Kosmos 521


Kosmos 521
Mission typeASAT target
COSPAR ID1972-074A
SATCAT no.06206Edit this on Wikidata
Spacecraft properties
Spacecraft typeDS-P1-M
Launch mass650 kilograms (1,430 lb)
Start of mission
Launch date29 September 1972, 20:18:59 (1972-09-29UTC20:18:59Z) UTC
Launch sitePlesetsk 132/2
Orbital parameters
Reference systemGeocentric
RegimeLow Earth
Perigee altitude987 kilometres (613 mi)
Apogee altitude992 kilometres (616 mi)
Inclination65.8 degrees
Period104.9 minutes

Kosmos 521 (Russian: Космос 521 meaning Cosmos 521), also known as DS-P1-M No.4 is a satellite which was intended for use as a target for tests of anti-satellite weapons. It was launched by the Soviet Union in 1972 as part of the Dnepropetrovsk Sputnik programme,[1] and was to have been used as a target for an IS-A interceptor, as part of the Istrebitel Sputnikov programme. A malfunction aboard the satellite rendered it useless, and the interceptor was not launched.[2]

It was launched aboard a Kosmos-3M carrier rocket,[3] from Site 132/2 at the Plesetsk Cosmodrome. The launch occurred at 20:18:59 UTC on 29 September 1972.[4]

Kosmos 521 was placed into a low Earth orbit with a perigee of 987 kilometres (613 mi), an apogee of 992 kilometres (616 mi), 65.8 degrees of inclination, and an orbital period of 104.9 minutes.[1] No attempt to intercept the satellite was made after its onboard telemetry system malfunctioned. As of 2009, it is still in orbit.[2][5] Western analysts did not identify Kosmos 521 as being associated with the Soviet ASAT programme until records were declassified.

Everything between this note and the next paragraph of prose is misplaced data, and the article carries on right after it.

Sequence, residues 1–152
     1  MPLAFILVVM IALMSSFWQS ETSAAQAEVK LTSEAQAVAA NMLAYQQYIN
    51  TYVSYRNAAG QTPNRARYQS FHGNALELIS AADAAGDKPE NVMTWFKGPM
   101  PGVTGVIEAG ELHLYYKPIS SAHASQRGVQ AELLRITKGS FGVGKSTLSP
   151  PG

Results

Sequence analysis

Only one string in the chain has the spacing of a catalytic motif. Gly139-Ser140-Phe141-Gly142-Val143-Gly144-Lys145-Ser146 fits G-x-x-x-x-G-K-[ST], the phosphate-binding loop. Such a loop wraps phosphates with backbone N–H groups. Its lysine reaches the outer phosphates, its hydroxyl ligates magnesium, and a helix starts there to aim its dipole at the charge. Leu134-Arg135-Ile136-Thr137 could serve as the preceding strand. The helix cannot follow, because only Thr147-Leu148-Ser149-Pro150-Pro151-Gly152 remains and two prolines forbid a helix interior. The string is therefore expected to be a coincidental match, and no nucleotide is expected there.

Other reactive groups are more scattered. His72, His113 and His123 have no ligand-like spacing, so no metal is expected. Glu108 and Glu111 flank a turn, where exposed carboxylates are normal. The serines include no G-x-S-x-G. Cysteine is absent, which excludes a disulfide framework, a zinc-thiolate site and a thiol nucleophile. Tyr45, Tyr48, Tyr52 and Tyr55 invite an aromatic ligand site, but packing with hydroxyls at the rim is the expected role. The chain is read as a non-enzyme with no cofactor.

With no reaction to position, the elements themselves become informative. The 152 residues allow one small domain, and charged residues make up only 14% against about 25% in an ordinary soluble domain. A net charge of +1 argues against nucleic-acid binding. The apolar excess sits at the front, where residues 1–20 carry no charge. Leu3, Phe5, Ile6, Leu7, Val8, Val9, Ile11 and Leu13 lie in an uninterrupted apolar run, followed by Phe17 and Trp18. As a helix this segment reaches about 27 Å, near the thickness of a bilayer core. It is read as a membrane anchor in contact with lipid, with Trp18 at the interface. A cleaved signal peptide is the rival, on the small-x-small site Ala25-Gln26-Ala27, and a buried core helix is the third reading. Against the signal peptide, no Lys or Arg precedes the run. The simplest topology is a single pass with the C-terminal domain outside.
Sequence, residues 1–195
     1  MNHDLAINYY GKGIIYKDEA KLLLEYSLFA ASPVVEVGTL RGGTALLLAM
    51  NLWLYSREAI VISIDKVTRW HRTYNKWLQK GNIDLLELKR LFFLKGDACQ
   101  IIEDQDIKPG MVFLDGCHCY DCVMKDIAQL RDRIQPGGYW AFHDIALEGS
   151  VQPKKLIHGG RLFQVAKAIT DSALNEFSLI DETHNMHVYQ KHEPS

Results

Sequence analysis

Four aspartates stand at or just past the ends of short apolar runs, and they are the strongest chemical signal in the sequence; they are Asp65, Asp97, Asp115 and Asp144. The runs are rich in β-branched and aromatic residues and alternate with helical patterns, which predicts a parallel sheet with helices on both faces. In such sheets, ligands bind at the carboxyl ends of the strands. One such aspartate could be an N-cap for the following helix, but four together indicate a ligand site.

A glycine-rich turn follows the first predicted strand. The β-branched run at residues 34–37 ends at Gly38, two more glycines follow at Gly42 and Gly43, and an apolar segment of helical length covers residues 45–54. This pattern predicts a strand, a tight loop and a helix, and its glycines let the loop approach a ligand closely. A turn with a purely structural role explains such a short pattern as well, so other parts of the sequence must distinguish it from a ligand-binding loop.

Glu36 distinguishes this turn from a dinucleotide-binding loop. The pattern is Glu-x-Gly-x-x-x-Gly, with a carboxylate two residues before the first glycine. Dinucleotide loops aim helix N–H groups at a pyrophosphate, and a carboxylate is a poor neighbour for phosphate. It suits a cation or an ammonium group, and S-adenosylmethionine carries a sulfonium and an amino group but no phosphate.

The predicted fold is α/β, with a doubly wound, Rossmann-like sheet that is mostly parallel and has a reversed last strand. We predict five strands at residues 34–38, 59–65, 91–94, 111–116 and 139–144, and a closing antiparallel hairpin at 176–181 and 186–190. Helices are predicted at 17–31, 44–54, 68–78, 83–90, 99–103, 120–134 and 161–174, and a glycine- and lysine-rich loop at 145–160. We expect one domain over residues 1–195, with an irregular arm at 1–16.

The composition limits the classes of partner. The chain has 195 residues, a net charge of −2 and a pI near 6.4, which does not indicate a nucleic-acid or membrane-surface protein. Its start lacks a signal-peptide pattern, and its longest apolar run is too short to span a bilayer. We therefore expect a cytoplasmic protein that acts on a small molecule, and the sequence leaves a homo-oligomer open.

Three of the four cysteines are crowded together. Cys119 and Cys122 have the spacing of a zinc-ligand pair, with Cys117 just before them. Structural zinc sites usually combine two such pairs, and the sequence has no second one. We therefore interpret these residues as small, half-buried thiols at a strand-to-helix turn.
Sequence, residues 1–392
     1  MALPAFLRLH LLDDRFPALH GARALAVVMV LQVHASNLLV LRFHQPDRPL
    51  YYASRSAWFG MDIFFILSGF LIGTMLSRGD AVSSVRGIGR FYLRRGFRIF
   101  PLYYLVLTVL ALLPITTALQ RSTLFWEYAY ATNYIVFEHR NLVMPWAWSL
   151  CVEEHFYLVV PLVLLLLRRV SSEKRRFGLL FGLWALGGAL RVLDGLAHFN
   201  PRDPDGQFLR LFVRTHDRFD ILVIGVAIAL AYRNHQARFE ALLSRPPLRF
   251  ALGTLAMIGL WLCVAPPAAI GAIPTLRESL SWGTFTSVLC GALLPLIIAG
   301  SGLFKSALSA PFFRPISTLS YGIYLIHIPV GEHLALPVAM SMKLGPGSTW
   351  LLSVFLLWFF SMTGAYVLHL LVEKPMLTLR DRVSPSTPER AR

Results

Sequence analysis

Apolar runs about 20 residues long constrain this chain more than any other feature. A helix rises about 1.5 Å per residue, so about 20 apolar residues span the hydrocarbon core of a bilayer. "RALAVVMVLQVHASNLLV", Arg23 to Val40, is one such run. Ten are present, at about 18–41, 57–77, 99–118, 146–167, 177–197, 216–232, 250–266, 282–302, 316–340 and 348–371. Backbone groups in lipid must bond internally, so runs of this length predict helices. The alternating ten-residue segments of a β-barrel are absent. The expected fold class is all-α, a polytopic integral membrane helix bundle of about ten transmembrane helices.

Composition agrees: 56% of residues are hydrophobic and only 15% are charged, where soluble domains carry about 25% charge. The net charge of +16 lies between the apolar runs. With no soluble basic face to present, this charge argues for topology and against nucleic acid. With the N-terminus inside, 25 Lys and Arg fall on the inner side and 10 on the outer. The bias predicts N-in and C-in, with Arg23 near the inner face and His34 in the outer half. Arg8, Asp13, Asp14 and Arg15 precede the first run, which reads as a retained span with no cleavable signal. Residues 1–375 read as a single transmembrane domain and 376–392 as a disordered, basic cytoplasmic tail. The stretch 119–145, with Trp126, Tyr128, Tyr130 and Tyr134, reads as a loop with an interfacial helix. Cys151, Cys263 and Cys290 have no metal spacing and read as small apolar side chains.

Kosmos 521 was the last of the five original DS-P1-M satellites to be launched,[1] of which all but the first were successfully reached orbit. Despite its successful launch, the satellite malfunctioned shortly after reaching orbit, and was unusable. Subsequent launches used a modified version of the DS-P1-M, known as Lira.[6]

See also


  1. ^ a b c Wade, Mark. "DS-P1-I". Encyclopedia Astronautica. Archived from the original on 5 January 2009. Retrieved 29 May 2009.
  2. ^ a b Wade, Mark. "IS-A". Encyclopedia Astronautica. Archived from the original on 21 April 2012. Retrieved 29 May 2009.
  3. ^ McDowell, Jonathan. "Launch Log". Jonathan's Space Page. Retrieved 29 May 2009.
  4. ^ Wade, Mark. "Kosmos 3". Encyclopedia Astronautica. Retrieved 29 May 2009.
  5. ^ McDowell, Jonathan. "Satellite Catalog". Jonathan's Space Page. Retrieved 29 May 2009.
  6. ^ Wade, Mark. "DS". Encyclopedia Astronautica. Archived from the original on 31 March 2009. Retrieved 29 May 2009.